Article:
Cornell undergraduates in the endowed colleges and graduate students will have to dig a little deeper into their pockets to pay for their education starting next year.
The first Board of Trustees meeting of the year convened this past weekend in New York City to discuss future tuition rates for the endowed colleges. Topics addressed at the meeting also included the land grant study conducted during the past year, admission applications, the affirmative action case involving the University of Michigan and the “progress made at Weill Medical College” in the area of “improved research,” according to President Hunter R. Rawlings III.
This meeting, the first of four meetings held annually by the Board of Trustees, took place in New York City in order to accommodate the Board of Overseers from the Weill Medical College. The remaining three meetings planned for this year will occur in Ithaca and will thus not incorporate the Board of Overseers.
A central issue discussed at the meeting was the future of tuition rates for the endowed colleges. The Board of Trustees voted to increase tuition approximately 5 percent for next year. The increase sets tuition for Cornell’s endowed undergraduate and graduate school students at $28,630 for the 2003-2004 academic year. The current tuition is $27,270.
“Despite the significant budget pressures Cornell faces again this year, the administration and trustees are committed to keeping tuition increases as low as possible,” said Provost Biddy (Carolyn A.) Martin in a press release.
Tuition for the Johnson School of Management rose 5.9 percent to $32,800 while students in the Law School had tuition raised 5.5 percent to $32,970.
Undergraduate and graduate student activity fees were unchanged. However, undergraduate housing rates were increased by 1 percent to $5,675 and the full-plan dining contract increased by 4 percent to $3,854.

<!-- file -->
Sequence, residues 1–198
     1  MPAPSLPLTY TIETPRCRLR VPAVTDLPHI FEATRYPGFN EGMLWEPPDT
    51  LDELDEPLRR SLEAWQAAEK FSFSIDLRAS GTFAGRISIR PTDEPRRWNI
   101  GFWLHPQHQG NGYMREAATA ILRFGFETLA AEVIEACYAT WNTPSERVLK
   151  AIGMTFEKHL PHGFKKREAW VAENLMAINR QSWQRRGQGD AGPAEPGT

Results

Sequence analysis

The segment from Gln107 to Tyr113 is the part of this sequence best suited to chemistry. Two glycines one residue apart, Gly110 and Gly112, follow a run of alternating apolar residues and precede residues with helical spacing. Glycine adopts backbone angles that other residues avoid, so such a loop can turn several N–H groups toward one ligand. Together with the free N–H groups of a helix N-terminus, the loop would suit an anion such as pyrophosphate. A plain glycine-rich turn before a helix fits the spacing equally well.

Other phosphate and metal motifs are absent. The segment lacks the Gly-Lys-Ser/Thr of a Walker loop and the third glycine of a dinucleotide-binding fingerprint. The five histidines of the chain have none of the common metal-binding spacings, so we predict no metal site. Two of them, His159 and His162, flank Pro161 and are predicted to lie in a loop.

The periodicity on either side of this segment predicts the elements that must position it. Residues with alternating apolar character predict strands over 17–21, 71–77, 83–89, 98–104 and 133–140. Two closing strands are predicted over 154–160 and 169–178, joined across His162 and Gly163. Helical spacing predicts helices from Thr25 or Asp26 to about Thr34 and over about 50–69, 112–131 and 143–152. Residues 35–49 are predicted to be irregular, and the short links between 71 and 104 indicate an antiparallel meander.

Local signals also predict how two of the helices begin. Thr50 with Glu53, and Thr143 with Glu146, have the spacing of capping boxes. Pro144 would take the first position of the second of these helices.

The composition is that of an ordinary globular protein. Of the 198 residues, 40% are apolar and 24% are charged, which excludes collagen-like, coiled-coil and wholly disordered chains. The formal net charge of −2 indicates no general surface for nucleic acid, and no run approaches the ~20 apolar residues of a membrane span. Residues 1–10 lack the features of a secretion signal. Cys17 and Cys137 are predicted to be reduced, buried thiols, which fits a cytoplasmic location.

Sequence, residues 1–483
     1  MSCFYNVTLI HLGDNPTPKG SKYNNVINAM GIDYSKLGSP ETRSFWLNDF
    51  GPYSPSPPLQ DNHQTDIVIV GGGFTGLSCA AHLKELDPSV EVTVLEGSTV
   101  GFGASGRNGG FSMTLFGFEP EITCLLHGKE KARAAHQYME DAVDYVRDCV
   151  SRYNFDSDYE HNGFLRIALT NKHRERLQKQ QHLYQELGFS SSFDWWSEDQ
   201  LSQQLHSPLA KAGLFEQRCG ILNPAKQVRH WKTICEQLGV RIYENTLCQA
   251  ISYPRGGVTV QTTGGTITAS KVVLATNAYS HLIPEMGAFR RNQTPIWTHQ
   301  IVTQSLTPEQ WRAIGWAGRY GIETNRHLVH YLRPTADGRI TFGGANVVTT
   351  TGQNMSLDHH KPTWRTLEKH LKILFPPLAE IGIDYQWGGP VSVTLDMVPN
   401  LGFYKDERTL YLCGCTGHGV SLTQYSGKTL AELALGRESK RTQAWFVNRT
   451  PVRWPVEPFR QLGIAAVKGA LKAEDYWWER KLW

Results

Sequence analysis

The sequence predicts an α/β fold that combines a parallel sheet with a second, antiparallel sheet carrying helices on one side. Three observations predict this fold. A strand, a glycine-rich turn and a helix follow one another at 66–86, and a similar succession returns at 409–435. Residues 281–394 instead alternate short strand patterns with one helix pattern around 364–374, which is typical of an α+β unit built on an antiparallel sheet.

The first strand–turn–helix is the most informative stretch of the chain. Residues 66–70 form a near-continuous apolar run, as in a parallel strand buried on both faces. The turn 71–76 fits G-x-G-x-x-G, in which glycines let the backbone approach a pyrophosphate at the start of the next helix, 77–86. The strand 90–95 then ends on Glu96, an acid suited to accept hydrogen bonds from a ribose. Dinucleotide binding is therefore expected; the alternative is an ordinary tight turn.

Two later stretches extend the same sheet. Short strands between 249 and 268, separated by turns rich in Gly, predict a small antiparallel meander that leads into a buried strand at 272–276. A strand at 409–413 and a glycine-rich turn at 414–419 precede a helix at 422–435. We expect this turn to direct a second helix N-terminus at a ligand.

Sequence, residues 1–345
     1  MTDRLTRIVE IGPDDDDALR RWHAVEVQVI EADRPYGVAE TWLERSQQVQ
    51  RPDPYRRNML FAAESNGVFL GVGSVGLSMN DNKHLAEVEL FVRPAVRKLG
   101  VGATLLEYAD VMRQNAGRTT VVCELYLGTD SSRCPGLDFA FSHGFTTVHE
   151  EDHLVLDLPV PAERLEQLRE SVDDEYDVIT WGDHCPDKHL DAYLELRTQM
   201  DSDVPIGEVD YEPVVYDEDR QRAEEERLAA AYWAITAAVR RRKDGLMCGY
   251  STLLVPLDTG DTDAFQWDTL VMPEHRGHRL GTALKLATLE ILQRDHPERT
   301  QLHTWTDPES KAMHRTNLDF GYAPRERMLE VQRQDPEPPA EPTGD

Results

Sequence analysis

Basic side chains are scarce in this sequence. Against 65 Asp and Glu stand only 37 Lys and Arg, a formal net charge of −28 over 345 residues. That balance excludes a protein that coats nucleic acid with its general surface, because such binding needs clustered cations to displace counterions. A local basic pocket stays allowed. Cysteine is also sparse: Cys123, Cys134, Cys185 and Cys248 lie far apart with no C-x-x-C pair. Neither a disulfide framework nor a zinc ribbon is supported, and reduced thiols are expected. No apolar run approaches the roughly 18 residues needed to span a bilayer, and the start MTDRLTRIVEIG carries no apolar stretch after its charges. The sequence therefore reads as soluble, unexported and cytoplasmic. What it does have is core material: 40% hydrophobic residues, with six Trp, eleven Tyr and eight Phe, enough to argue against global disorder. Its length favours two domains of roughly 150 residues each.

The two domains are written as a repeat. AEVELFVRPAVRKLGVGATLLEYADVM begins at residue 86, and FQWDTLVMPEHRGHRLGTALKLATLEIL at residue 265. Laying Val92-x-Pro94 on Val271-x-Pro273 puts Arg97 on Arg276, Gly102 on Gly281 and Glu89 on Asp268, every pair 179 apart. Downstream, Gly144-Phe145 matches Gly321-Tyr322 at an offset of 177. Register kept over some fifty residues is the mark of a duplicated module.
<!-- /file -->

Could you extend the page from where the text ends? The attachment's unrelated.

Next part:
This lead to mixed reaction from Cornell students.
“I’d say it’s pretty standard for most colleges to increase tuition about that much in a year,” said Elizabeth Badame ’05, a student in the College of Engineering.
“The schools are having problems; [yet], you have no idea why they need all this money. I have no real problem with it,” said Ian Daniel Block ’04, a student in the College of Engineering.
“I personally don’t like it too much because I come from a family that is not as well off and established as most families. With the economy the way it is, it is much more difficult for blue-collar workers to make money. I am uncomfortable with it, but Cornell has always given me a lot of financial aid to make up for the difference,” said Moses Song ’05, a student in the College of Arts and Sciences.
Some students were clearly unhappy with the tuition increase for next year.
“I don’t think they should really increase [the tuition]; I think they should cut unimportant programs that are not needed,” said Diana A. Aydin ’05, a student in the College of Arts and Sciences.
Students outside of the endowed colleges also held opinions regarding the tuition increase.
“Since I don’t attend one of the endowed schools, it doesn’t really affect me, but I do feel bad for students who already pay so much, especially their parents,” said Adam Daum ’05, a student in the College of Agriculture and Life Science.
Another topic discussed at the meeting was the Weill Medical College.
“This is always a very special meeting because we have a presentation from the Weill Medical College, which I think is fascinating,” said Susan H. Murphy ’73, vice president for student and academic services.
Rawlings also stressed the significant contribution of the Weill Medical College presentation to the overall success of the meeting. “It was a real good meeting . . . a lot of progress has been made at the Weill College of Medicine,” said Rawlings.
“The college has [also] done an excellent job of hiring new research faculty,” he added. Consequently, the success of the college’s research has done much to “attract federal research money,” Rawlings said.
In addition to the Weill Medical College and tuition increase, the meeting also addressed “modifications to be made to admission applications,” said Rawlings. Like other colleges nationwide, Cornell is currently reviewing its early decision policy.
Finally, the meeting investigated the affirmative action case at the University of Michigan and its possible implications at Cornell as well as the progress of the land grant study, a report looking into whether or not Cornell’s statutory colleges are fulfilling their mission as land grant schools.
Archived article by David Andrade